Thus the 1960 Thunderbird Hardtop with Sun Roof became on official model. It seems that insiders at both Budd and Ford referred to the option as the "Golde top", or "Golde roof", hence the confusion with the name. The fact is, the Hardtop with Sun Roof was the only Golde Thunderbird model made. There are no separate special edition cars with gold painted roofs. So, if you have a "Gold Edition" 1960 Thunderbird, hopefully it has a hole in the roof, and not a gold painted top!

There have been occasions for disagreement about the actual production numbers for the 1960 Thunderbirds. It has been officially reported that 2,536 "Gold Top" models were produced, and at the same time, other sources report that approximately 2,500 Sun Roof models were also made. The error in figures between the two is usually 36 units. Perhaps the confusion about the real numbers is also due to the misunderstanding of the Sun Roof/Gold Top cars. Automotive Mileposts believes the correct production figure for this option is 2,536.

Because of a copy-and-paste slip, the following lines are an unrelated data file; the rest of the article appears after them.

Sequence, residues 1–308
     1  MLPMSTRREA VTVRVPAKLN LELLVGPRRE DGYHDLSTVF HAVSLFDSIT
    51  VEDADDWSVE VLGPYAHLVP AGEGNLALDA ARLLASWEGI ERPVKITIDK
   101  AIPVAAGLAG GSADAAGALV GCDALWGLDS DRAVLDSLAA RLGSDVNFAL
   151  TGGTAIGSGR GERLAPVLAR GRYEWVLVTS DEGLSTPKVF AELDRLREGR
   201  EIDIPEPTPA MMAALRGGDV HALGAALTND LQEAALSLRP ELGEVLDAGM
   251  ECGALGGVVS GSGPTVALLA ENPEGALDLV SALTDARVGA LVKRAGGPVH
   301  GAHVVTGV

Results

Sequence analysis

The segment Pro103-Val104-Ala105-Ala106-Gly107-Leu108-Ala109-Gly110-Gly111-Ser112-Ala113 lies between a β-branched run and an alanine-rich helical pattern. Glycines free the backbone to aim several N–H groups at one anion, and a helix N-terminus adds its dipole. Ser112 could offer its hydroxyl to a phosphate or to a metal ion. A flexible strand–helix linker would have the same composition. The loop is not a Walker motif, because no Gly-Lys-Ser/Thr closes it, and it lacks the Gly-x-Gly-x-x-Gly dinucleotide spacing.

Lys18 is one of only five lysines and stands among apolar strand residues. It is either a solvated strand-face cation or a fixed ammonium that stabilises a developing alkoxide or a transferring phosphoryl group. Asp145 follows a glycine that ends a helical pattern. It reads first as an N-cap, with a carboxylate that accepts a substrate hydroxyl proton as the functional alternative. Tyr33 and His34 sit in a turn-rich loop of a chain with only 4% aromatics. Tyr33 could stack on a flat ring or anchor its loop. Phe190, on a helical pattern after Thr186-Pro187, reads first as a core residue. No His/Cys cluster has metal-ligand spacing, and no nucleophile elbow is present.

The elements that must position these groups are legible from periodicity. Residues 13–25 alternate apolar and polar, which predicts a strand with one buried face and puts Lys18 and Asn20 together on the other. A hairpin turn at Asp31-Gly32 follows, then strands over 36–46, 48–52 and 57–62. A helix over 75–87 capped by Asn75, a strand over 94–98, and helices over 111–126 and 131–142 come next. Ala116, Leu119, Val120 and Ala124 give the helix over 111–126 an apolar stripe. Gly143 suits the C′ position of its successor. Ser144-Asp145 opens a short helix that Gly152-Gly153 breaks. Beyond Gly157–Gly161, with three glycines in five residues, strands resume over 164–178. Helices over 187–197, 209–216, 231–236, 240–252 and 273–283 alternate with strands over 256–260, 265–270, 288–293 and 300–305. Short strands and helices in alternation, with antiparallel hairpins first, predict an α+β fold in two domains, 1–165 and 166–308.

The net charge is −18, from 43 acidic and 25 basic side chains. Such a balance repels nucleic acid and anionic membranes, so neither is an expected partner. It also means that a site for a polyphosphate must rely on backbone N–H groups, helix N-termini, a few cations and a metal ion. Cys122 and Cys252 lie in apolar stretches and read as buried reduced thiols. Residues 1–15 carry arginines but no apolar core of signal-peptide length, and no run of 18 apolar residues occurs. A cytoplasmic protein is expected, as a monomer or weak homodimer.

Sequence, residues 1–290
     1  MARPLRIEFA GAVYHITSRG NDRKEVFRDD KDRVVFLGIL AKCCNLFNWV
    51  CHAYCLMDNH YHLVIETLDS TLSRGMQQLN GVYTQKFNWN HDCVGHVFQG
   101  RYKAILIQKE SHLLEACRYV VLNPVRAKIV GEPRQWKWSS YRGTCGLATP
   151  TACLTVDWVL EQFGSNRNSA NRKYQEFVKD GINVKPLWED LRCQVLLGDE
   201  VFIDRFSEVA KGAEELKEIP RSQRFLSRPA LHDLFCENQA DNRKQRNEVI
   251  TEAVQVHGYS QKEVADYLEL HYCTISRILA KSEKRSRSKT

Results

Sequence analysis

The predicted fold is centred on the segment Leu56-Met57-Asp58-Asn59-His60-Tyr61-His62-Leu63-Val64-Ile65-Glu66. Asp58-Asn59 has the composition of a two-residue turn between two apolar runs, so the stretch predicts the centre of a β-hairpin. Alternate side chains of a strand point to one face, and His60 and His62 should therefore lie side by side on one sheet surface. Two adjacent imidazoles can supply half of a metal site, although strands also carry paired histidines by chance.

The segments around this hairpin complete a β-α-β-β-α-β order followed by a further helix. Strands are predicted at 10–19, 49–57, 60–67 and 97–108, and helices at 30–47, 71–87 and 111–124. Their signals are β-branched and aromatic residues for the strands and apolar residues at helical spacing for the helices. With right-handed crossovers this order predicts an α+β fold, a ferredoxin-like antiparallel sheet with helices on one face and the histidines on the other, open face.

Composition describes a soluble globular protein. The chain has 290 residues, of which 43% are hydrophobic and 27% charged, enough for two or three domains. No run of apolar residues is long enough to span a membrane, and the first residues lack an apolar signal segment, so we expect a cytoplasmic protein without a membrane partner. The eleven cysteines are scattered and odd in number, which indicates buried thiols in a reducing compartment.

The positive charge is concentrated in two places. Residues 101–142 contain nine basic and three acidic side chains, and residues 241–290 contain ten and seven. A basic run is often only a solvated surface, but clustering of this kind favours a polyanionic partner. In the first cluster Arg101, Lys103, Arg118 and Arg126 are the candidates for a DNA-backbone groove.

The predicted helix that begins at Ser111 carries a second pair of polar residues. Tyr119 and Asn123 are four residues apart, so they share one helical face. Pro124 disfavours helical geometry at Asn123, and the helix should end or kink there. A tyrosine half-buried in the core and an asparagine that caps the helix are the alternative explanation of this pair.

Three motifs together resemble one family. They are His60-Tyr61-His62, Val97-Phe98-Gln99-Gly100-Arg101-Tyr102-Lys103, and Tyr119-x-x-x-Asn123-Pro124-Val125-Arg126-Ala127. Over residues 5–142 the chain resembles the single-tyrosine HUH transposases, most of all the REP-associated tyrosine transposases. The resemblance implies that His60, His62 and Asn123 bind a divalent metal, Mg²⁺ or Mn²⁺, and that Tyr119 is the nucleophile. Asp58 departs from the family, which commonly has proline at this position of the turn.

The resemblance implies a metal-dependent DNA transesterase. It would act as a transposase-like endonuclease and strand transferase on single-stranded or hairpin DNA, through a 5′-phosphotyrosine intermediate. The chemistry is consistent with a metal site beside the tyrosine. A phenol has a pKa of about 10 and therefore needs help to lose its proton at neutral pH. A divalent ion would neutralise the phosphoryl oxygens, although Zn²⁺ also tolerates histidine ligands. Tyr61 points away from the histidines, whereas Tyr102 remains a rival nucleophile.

Additional information: The History of Golde Sunroof/American Sunroof Corporation (ASC)
Related: Thunderbird Sunroof Registry

1960 Ford Thunderbird Hardtop with Sun Roof
Shown above, the new for 1960 Thunderbird Hardtop with Sun Roof, also known as the "Gold/Golde Edition" Hardtop. Body is Aquamarine (code C), with a Corinthian White roof (code M), and a Turquoise Leather (code 87) interior. Note the "Delta-Wing" mirror in the photo. After 1960, a factory installed sunroof would not be offered for the Thunderbird again until 1969.